WE often talk about engaging students, enabling them to become lifelong learners and helping them improve academically. We focus much less on faculty engagement in schools and colleges. As a result, the insight into their motivation and performance is generally lacking when formulating education policy and goals.
Engagement from educational leadership alone cannot sweep our floors clean. In fact, each role at every level requires leadership for collective change. Teachers are not only instructors, they are nurturers, enablers and investors in intellectual capital. In educational institutions, they are the gatekeepers of quality, with access to student’ realities and a first-hand view of their progress. The quality of education entails far more than getting a degree or certificate. Quality assurance in schools and colleges is contingent upon strategic public investment in opportunity, resources and building teacher capacity which requires continuous professional development to upgrade skills and methods. The value of teachers does not only come from helping students attain academic targets but being enabled to drive institutional goals.
Factors plaguing our school system in past decades include the high teacher turnover when young faculty, especially women, change jobs, drop out of the workforce after marriage or decide to be stay-at-home mothers. Older, more experienced faculty tend to resort to deeply ingrained, traditional methods. Those that have PhDs take up contingent or tenured positions at higher education institutes, where faculty engagement is not necessarily more pronounced.
Most higher education institutes do not have built-in mechanisms to incentivise engagement beyond the necessary academic attainment goals. Public policy measures must pay close attention to teachers who complain about being overworked and underpaid, especially those who stick with the job, are open to evolving, and display strong work ethics and commitment. They are the ones who are an integral part of the solution to our education crisis.
Motivated teachers find ways of improving their skills.
Most teachers who are motivated and open to professional development opportunities find ad hoc ways of improving their skills. A structured, ongoing approach involving reflection, assessments and action plans would lead to implementation and impact. One hopes the soon-to-be-appointed HEC chairperson will prioritise training programmes that can potentially transform universities from ghost towns to thriving centres of teaching and learning.
A commitment to updating the syllabus and upgrading the teachers’ skills carries a world of promise when we look at the statistics of university-going youth in Pakistan. Student enrolment in degree colleges and universities is almost five million and growing at an average rate of six per cent. As the government pledges to fulfil the UN’s Sustainable Development Goals — particularly SDG 4 — by 2030, addressing the gap between enrolment and engagement may be crucial and the faculty can provide the necessary bridge.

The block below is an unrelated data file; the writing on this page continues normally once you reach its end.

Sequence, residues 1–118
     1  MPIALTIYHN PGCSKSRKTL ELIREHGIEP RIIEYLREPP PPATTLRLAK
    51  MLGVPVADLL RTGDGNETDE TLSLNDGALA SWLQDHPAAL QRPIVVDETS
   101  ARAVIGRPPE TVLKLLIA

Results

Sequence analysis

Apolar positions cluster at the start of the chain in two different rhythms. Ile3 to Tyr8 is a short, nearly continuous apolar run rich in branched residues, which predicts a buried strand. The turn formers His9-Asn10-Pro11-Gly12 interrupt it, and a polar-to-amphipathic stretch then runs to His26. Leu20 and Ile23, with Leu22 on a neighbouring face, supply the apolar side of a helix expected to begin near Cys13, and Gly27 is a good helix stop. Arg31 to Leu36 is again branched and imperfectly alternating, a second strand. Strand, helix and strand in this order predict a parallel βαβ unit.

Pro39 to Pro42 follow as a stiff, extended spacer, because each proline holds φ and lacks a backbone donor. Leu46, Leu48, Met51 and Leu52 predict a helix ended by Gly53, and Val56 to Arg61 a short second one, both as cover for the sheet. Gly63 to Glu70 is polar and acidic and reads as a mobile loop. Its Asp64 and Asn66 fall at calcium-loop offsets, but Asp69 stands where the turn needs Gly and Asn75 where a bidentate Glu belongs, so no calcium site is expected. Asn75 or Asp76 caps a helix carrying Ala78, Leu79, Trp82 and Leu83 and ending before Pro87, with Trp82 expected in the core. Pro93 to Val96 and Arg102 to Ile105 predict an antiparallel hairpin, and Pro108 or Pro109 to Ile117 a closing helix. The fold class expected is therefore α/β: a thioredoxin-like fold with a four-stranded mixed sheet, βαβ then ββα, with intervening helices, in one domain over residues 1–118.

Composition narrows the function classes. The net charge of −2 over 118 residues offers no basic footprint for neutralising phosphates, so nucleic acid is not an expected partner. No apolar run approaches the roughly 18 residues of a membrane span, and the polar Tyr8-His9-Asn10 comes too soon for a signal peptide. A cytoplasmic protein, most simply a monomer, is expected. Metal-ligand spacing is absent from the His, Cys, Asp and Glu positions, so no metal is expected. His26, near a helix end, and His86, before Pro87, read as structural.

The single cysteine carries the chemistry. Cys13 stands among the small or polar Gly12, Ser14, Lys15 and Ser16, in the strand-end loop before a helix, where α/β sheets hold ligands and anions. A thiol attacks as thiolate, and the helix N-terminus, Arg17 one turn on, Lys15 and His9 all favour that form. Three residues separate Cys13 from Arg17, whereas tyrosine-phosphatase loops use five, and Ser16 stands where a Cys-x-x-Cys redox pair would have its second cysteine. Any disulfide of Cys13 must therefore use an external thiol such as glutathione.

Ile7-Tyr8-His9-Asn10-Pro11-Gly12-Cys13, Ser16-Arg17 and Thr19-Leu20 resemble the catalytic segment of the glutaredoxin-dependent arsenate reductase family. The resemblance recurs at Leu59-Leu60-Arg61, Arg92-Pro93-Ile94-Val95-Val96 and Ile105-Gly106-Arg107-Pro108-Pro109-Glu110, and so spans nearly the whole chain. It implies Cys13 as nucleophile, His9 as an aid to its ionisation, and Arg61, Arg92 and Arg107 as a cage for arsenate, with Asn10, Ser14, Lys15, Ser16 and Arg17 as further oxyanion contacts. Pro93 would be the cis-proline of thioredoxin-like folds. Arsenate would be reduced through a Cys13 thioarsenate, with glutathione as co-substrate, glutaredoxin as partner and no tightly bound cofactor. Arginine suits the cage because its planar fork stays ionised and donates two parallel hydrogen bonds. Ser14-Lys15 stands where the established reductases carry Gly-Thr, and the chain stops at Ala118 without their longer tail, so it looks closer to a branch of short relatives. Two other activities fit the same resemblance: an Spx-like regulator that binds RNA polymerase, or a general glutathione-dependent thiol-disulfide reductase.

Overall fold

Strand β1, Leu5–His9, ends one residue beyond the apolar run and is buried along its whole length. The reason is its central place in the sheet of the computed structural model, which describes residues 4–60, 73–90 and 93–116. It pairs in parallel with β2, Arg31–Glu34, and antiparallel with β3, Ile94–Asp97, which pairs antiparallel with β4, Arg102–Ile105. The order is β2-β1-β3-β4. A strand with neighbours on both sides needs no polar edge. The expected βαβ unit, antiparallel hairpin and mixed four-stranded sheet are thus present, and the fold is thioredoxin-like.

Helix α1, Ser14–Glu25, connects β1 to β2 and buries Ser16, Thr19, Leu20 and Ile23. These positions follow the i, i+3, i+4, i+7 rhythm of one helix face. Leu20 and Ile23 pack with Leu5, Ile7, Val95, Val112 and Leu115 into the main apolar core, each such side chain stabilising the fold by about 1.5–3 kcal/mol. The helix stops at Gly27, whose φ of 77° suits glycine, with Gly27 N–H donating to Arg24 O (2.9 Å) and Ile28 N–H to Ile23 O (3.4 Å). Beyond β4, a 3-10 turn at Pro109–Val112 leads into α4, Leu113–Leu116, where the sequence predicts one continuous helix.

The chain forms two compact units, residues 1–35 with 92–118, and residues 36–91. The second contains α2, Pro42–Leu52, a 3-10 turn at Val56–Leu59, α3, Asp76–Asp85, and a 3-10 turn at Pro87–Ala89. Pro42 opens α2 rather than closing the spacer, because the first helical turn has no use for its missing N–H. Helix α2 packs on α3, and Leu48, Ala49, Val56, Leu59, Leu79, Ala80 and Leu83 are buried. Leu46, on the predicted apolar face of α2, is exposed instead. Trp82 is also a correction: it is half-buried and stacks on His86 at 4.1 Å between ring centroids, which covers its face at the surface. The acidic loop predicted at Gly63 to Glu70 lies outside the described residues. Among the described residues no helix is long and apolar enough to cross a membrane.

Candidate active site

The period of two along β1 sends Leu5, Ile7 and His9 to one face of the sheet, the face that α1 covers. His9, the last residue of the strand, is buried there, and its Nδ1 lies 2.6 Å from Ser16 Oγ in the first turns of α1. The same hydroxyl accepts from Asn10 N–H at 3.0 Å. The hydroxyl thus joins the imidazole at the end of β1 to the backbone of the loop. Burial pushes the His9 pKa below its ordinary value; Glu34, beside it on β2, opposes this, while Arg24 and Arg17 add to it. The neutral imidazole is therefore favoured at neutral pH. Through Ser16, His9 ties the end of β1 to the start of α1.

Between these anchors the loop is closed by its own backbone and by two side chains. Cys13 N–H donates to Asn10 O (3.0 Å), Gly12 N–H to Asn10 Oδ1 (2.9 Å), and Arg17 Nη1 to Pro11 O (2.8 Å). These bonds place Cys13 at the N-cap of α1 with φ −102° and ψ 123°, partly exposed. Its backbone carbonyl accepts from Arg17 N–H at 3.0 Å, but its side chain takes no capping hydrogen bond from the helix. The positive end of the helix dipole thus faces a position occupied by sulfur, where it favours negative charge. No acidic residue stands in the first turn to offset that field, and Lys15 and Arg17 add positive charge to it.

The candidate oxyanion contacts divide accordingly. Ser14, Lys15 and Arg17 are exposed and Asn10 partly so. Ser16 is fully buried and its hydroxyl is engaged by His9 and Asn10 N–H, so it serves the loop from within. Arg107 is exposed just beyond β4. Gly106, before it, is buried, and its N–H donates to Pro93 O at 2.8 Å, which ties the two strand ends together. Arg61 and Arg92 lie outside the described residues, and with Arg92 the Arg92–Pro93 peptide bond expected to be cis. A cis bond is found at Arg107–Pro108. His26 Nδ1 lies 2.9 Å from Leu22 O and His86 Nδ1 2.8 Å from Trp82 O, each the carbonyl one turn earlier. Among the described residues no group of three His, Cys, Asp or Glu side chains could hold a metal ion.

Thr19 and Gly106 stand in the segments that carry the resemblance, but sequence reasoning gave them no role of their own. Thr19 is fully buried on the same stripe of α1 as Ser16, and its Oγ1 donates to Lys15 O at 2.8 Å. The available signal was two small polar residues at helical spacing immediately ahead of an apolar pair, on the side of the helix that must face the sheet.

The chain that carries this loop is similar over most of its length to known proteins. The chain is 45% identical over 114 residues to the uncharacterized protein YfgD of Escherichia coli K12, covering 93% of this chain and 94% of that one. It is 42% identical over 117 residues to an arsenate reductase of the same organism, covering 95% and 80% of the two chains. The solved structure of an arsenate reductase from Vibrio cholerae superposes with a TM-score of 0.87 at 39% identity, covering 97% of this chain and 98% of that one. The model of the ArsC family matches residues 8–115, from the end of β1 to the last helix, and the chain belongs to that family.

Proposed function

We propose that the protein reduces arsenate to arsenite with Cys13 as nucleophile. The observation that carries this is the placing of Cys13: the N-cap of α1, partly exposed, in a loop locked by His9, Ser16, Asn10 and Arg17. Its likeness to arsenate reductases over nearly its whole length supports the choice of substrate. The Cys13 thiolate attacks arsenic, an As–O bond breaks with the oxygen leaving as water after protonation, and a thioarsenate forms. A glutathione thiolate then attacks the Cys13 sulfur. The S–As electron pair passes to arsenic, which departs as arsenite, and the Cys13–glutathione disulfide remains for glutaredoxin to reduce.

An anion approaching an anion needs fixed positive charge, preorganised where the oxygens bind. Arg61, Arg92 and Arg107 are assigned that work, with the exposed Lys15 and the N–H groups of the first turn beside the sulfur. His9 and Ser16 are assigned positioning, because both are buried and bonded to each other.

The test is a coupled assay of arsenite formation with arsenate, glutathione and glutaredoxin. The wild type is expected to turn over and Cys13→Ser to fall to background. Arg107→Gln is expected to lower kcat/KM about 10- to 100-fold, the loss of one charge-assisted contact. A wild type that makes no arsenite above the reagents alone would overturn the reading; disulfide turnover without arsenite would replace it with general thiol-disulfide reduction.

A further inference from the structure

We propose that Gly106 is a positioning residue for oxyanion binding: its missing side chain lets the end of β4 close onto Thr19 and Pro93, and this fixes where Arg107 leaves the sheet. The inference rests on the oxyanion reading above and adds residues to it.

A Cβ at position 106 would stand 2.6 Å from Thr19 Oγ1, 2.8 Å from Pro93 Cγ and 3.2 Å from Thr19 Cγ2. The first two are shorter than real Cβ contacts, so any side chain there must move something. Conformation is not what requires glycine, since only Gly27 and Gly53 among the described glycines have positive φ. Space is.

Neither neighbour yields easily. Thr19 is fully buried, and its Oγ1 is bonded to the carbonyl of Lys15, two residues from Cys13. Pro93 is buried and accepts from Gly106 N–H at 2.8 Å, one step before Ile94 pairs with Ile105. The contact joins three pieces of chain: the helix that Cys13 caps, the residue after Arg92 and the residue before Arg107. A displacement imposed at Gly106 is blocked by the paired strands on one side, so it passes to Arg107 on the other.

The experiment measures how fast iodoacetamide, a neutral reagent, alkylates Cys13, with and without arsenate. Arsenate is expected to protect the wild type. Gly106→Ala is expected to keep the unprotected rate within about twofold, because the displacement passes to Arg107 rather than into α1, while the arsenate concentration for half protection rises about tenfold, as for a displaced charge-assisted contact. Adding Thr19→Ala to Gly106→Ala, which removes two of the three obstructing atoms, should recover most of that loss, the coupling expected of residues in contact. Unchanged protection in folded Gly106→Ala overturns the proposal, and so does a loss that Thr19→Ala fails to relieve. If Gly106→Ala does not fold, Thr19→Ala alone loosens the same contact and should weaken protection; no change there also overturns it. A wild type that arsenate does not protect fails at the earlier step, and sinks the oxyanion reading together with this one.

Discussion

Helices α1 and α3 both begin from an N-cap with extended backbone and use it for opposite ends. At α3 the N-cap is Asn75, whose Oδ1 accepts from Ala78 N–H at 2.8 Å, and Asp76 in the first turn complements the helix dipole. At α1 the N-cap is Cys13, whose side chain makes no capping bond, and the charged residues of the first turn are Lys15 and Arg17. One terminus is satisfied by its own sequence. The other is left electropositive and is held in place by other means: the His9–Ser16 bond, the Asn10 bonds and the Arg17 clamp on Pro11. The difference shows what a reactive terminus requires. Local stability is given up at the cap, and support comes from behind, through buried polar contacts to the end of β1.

Our public expenditure on education is one of the lowest in the world, just above 3pc of GDP. When we look at teacher engagement strategies that have changed the face of higher education globally, there is a common thread. At the heart of teacher engagement lies impactful professional development, having a deep insight into the strategic priorities of the institution and being able to engage teachers in developing a relevant skillset to empower students for real-world solutions. Teachers also need to be able to engage in self-regulation, monitoring and reporting progress independently.
Two-way communication between management and faculty helps the faculty become a part of the evolution of strategic aims. Innovation in teaching and learning comes from collaborative methods that are used effectively to cater to the context and requirements of long-term goals. This also implies we will have to discard the frameworks that are not working, re-evaluate the commitment of faculty members, and hire for competence and potential those with an eye on the ball — those working not just towards their own professional success but also the growth of the institution.
As Steve Jobs said, “We hire smart people, so they can tell us what to do.” Micromanagement and constant surveillance is a thing of the past, especially in the current hybrid working culture where competence and commitment are judged by productivity and outcomes, and not the number of hours clocked at the workplace. This new modus operandi requires in-house learning management systems that can speed up learning for both students and faculty. Those with half-baked commitment get weeded out in a demanding work environment where course completion is only a part of the job, and not the same as student attainment.
Published in Dawn, May 29th, 2022